1951 Ferrari 340 America Barchetta by Touring
The Ferrari 340 America was the first model in the America series conceived with export in mind, used as a means to increase Ferrari’s footprint in the United States. The 340 featured a brand-new Lampredi V-12 which made its way to Formula 1, with this particular car racing at Le Mans twice in the early ’50s.
The Ferrari America series was launched at the dawn of the ’50s to appeal to American customers who wanted less rugged interior premises, bigger engines, and more performance. The first car of this lineage was the 340 America, which debuted at the 1950 Paris Motor Show in full racing trim. Granted, most Ferraris back then were as much race cars as they were road cars, but a customer could personalize his car to be more friendly on the road with softer suspension, different gearbox ratios, or new engine settings.
As this is a Ferrari from the early days of the company, it was made in very few numbers, on order from importers or customers. Barely 23 cars were completed between 1950 and 1952, with three coachbuilders taking care of the body. Carrozzeria Touring built six Barchetta and two Berlinetta bodies, Vignale crafted five Spyder bodies, five Berlinetta bodies, and one larger Convertible, while Ghia built only four fixed-head Coupes.
The car seen here is chassis #0116/A, the third 340 America built, and one of the 6 Barchettas by Touring. It ran briefly in period, its highlights being a couple of entries in the 24 Hours of Le Mans. Owner Pierre-Louis Dreyfus shared the car in 1951 with well-known Grand Prix driver Louis Chiron and, in 1952, Rene Dreyfus. While the car didn’t reach the finish line on either occasion, it went on to sell for $8,430,000 during the 2016 RM Sotheby’s auction in Monaco.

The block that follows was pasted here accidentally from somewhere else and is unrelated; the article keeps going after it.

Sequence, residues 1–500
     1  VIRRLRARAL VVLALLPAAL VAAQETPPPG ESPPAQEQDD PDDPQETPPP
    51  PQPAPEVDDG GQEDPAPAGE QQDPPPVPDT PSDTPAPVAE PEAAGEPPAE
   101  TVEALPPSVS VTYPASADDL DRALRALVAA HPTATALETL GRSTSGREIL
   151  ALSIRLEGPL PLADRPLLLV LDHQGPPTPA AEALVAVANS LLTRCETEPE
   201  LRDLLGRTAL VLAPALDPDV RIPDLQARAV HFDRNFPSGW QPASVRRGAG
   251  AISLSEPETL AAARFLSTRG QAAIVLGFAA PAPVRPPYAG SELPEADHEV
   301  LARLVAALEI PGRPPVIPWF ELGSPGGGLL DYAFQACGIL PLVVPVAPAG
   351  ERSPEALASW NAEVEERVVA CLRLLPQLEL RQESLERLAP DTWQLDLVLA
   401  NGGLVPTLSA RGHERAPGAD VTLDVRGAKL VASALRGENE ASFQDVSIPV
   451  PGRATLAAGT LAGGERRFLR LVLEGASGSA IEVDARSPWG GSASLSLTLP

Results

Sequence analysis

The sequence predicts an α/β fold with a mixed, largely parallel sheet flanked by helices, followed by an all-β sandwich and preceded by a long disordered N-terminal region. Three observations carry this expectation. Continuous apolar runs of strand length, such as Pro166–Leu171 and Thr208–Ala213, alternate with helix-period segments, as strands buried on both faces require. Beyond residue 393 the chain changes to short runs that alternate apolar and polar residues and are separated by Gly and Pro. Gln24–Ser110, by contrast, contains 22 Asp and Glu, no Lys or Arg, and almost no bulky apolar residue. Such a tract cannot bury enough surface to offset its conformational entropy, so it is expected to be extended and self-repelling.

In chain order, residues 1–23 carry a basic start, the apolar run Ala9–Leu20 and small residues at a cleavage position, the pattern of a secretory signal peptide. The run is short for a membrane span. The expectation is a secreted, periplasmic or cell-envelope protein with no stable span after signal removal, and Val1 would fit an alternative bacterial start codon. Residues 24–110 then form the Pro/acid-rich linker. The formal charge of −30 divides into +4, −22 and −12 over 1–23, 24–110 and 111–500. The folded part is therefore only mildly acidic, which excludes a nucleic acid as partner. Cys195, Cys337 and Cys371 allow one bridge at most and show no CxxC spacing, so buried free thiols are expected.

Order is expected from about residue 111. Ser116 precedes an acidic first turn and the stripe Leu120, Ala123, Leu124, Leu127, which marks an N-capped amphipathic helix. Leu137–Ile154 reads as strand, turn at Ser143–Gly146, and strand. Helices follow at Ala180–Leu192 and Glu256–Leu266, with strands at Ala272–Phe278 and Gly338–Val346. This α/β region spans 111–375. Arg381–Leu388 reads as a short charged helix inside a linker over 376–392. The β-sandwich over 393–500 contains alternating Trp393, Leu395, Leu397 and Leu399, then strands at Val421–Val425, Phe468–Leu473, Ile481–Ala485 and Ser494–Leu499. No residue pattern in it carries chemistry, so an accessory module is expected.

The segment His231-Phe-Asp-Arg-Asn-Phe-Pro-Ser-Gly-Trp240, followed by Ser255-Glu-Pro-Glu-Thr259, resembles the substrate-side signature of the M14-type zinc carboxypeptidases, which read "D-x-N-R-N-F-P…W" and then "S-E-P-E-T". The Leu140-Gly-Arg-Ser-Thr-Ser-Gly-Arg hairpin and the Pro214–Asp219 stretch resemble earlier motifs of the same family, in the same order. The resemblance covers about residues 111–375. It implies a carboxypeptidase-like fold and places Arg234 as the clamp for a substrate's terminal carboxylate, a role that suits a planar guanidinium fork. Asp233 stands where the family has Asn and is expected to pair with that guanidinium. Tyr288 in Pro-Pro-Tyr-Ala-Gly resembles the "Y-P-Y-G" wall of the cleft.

Read on to understand why the 340 America commands such high prices.
Check Out this Ferrari-Powered, Road-Legal F1 Car
The latest machine to be dubbed an "F1 car for the road" is Zac Mihajlovic’s bespoke, Ferrari-powered single-seater, and it might be the closest one to the real deal we’ve ever seen. It will go into production if Mihajlovic finds customers for his ludicrous creation.
Remember the Caparo T1? What about the Bac Mono? What about Gordon Murray’s LCC Rocket from 1992? All of these were, at one moment in time, referenced as "F1 cars for the road". They had one seat, little pieces of fiberglass or aluminum to cover the wheels, and they were very, very fast. But, none of them really looked like an F1 car does.
Even Ford jumped on the bandwagon in 2012 when they brought to the Paris Motor Show a Formula Ford car fit for everyday roads. It had a 1.0-liter, Ecoboost engine and could lap the Nurburgring-Nordschleife in 7:22, but the limited production run of 20 to 40 units never happened.
Now, someone finally wants to make it happen. Mihajlovic previously built, with painstaking attention to detail, a replica of the Batmobile featured in the 1989 Batman with Michael Keaton and Jack Nicholson. His credentials are set.